Eli Manning Caught In Fraudulent Memorabilia Scheme, But Will Roger Goodell Punish Giants’ QB?

BOSTON (CBS) — The INTEGRITY of The Shield is once again in need of protection. This time it comes after some deceitful actions from the unlikeliest source.

Eli Manning, America’s jovial little brother, apparently provided some equipment to a memorabilia collector that was not authentic. The New York Post shared an email from Manning that show the quarterback asking the equipment manager for two helmets “that can pass as game used.”

(The best part of the story: Eli was still using an AOL email account in 2010. Who do you think is on his buddy list? What song lyrics are in his profile? You’ve got mail! Classic.)

Providing equipment that is not actually used in a game but is being sold as “game-used” is indeed an issue — especially for a QB who was just named C0-Man Of The Year. Game-worn jerseys and equipment are worth much more than standard jerseys and equipment, as evidenced by this Derek Jeter game-worn pant/jersey combination that’s currently being sold for $25,000 from Steiner Sports. That’s a lot of dough for a dirty, old outfit.

So, if indeed Manning was really providing helmets that were not game-used while knowing that they would be sold as game-used, then he did something that surely The Angel Of Integrity — one Mr. Roger Goodell — would certainly not want such behavior to go unpunished. (For what it’s worth, the Giants say the email was taken out of context and deny any wrongdoing from Manning.)

Which leads us to the big question: Will Roger Goodell come down hard on Eli Manning?

And here’s the answer: No.

No! Of course not.

Have you even been paying attention?

For starters, even though a multiple Super Bowl-winning quarterback is involved, this situation has nothing to do with DeflateGate. It’s an off-the-field matter, which is still grounds for NFL punishment but falls into a different category. However if there’s one thing we can take from DeflateGate to apply here, it is this quote from The Angel Of Integrity (henceforth known as TAOI), stated in October 2015:

Our rules apply to everybody. They apply to every single player. And every single player expects those rules to apply to everybody. Every coach does, every fan does, every partner, every team does. Our rules and the integrity of the game aren’t different because somebody is popular or somebody is a Super Bowl champ or not. They are to be applied evenly. Our teams expect that and that’s our job, that’s our responsibility. It’s my job. So no, I don’t regret that and we will continue to uphold the integrity of the game and we will do that as vehemently as we can.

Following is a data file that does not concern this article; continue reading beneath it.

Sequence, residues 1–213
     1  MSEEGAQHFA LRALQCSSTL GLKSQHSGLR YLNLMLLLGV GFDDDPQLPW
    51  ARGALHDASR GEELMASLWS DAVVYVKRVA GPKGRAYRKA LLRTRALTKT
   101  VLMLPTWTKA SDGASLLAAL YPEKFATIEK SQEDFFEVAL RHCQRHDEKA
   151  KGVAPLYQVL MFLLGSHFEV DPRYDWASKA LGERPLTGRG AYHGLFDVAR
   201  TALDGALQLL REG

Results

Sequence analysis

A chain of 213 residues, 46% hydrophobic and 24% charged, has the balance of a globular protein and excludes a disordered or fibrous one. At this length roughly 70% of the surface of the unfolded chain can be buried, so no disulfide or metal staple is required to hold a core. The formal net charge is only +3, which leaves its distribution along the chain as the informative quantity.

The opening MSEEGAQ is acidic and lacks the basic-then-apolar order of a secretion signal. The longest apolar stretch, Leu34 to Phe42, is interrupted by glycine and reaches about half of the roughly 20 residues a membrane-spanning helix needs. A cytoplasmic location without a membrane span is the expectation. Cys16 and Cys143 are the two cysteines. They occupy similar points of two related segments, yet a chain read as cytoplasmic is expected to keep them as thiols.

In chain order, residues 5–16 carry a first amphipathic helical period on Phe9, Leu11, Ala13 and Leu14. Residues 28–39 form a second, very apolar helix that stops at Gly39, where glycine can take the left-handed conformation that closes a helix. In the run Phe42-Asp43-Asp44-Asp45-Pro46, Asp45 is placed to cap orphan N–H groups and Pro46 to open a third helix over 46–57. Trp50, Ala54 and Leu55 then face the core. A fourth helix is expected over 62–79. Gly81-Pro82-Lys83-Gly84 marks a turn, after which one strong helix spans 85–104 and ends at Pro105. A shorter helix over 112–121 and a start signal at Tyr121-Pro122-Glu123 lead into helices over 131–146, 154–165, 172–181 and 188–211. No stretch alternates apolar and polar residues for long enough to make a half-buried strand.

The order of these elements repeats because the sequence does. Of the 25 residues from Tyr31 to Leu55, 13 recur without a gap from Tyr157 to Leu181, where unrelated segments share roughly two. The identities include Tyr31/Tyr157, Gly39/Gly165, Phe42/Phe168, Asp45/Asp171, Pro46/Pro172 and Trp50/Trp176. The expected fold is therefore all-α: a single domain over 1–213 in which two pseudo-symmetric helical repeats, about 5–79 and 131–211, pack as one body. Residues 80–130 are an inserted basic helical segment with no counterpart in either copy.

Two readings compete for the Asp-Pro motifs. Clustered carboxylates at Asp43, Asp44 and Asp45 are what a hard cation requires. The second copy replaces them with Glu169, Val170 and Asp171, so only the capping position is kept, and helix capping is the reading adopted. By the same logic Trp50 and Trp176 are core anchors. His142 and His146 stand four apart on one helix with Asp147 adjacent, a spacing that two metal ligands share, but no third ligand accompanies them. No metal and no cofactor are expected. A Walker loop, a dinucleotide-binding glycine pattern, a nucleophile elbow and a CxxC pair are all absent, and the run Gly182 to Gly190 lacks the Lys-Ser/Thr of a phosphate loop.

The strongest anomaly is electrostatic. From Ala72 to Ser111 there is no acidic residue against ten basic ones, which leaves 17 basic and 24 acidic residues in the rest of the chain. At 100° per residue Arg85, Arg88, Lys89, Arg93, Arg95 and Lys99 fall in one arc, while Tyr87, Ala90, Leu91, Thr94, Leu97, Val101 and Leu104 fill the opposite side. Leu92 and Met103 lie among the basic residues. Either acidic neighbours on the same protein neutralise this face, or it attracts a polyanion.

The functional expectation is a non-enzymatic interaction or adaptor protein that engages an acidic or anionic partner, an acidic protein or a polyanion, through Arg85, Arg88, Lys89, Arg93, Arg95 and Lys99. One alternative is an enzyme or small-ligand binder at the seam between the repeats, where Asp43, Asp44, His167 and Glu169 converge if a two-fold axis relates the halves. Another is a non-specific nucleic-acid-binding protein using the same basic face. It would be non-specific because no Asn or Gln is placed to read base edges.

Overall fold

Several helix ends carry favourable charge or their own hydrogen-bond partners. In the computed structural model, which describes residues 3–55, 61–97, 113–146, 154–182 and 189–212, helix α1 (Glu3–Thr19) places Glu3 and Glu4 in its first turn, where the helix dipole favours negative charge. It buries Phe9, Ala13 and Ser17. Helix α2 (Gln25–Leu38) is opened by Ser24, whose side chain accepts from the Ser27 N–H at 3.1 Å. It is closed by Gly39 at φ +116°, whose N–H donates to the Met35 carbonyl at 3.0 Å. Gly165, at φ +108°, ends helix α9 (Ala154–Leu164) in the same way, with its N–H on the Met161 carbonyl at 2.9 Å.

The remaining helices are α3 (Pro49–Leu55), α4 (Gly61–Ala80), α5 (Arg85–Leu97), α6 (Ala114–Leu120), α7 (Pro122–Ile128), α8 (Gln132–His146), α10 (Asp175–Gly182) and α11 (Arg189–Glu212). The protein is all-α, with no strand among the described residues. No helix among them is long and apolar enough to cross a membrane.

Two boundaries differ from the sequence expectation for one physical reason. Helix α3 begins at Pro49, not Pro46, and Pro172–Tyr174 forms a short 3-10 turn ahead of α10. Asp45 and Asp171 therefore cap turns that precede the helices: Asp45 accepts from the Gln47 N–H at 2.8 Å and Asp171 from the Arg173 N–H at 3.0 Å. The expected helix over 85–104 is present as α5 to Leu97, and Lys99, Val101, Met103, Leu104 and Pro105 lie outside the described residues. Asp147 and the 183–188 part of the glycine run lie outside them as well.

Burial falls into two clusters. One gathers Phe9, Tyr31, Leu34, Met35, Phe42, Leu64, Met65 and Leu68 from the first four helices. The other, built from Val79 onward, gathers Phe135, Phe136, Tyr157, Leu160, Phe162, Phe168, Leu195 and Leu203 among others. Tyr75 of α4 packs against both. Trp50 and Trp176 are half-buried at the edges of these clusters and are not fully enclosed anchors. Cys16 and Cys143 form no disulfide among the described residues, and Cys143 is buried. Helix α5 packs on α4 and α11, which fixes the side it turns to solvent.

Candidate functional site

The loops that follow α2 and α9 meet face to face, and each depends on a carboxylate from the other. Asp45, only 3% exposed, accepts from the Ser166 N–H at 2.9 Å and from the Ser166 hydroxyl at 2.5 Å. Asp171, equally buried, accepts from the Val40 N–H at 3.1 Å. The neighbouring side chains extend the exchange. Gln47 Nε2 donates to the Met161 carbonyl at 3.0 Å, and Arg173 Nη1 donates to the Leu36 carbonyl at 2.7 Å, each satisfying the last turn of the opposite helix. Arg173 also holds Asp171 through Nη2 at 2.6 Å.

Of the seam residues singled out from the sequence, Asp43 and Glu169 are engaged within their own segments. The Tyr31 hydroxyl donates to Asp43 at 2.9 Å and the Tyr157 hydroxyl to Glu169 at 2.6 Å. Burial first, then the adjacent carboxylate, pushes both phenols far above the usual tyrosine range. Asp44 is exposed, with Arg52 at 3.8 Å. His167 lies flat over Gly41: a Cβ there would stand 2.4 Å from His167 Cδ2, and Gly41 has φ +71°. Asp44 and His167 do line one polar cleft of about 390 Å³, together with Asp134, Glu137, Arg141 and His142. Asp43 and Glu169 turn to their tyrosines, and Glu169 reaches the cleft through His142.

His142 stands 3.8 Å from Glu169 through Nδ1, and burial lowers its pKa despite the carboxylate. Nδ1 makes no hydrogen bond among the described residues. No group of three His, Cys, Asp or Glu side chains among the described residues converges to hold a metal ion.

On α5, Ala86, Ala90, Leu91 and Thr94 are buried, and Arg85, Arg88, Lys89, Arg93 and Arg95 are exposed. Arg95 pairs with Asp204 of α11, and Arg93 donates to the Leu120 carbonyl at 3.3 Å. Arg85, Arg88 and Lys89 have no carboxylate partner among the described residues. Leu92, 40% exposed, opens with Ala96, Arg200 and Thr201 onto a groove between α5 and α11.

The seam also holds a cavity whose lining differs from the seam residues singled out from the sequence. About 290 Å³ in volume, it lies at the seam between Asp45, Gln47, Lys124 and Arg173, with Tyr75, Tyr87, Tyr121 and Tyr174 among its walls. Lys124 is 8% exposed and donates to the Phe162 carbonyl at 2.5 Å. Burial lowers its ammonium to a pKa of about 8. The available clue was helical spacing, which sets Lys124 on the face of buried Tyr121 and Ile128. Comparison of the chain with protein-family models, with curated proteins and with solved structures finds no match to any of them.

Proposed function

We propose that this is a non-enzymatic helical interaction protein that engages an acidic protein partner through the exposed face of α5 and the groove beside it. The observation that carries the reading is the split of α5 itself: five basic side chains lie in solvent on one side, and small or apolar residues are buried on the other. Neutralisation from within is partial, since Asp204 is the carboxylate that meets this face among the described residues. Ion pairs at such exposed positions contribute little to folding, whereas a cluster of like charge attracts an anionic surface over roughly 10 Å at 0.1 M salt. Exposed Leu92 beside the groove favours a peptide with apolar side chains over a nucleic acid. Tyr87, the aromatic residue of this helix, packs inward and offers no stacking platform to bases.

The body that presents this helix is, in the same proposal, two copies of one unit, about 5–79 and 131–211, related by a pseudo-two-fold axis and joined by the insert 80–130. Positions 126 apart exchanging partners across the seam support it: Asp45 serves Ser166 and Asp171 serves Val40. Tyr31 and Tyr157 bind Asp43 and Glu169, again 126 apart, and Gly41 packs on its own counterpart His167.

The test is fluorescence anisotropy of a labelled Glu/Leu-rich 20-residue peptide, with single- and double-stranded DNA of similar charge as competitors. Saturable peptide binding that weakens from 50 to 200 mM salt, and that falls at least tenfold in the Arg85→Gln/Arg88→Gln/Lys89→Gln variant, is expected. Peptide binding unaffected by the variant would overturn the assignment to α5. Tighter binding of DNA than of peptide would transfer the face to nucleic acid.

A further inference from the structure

The rules apply to everybody. It’s a beautiful principle, in theory. But in practice? TAOI hasn’t exactly carried out his word, specifically as it relates to his friends with the New York Giants.

There was the matter of TAOI himself creating a mandatory six-game suspension for any player’s first domestic violence offense. This rule applied to every single player.

Except Giants players kickers.

If it’s a Giants kicker, then, eh, take that new policy and fuhgeddaboudit! (It’s in New York, get it?!) One game should do. Heck, nobody will even notice, right?

Speaking of rules, there’s this other rule in the NFL which states that a coach cannot use the walkie-talkie on the sideline to communicate with the quarterback. It is a well-understood rule. And yet, when the team owned by TAOI’s good friend John Mara violated that rule, the punishment came in the form of … forcing the Giants from the 130th pick in the draft to the 140th pick in the draft.

That doesn’t even qualify as a slap on the wrist. That is a gentle graze, at most. A tender poke, perhaps.

So no, Eli Manning won’t be punished by the NFL. He won’t be served a heavy-handed, preposterous suspension, and he won’t be left to fight the NFL in court for 18 months to try to clear his name. The NFL will take care of that for him.

And hey, that’s ultimately the right way to go. Star quarterbacks shouldn’t be dragged through the mud based on blind accusations, especially in the absence of proof. That’s probably a decent way to run a sports league … so long as you remember that the rules apply to every single player. The Angel Of Integrity said so.

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